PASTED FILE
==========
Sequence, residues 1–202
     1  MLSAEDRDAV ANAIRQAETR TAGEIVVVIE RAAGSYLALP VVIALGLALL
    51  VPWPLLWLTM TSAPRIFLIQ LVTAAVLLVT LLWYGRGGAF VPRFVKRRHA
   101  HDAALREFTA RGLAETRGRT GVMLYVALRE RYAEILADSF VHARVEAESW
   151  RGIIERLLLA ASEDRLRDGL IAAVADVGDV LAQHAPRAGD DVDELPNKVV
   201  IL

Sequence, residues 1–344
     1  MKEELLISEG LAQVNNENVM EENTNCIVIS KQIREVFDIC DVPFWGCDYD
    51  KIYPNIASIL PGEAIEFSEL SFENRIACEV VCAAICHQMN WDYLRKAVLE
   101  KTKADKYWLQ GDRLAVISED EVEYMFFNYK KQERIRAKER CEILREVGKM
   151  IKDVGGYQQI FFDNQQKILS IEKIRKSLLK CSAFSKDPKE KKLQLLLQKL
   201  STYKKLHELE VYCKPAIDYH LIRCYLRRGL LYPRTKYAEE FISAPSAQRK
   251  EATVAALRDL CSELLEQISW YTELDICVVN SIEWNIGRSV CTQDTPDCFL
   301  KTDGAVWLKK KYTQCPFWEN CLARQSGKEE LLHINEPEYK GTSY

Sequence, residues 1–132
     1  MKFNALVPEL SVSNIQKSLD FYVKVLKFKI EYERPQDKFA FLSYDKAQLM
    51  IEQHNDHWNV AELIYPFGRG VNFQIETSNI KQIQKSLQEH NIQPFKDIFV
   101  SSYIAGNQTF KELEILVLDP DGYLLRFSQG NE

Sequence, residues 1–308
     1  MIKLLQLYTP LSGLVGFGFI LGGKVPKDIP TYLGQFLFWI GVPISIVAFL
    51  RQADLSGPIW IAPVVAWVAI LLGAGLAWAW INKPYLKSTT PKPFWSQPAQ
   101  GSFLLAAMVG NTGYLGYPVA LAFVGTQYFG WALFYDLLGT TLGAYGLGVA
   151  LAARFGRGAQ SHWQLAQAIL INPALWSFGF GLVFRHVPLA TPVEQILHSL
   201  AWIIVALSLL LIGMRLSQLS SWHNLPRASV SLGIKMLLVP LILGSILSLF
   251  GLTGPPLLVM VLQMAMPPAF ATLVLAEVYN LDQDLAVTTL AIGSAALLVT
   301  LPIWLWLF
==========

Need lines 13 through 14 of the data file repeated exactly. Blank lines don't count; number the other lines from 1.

   251  EATVAALRDL CSELLEQISW YTELDICVVN SIEWNIGRSV CTQDTPDCFL
   301  KTDGAVWLKK KYTQCPFWEN CLARQSGKEE LLHINEPEYK GTSY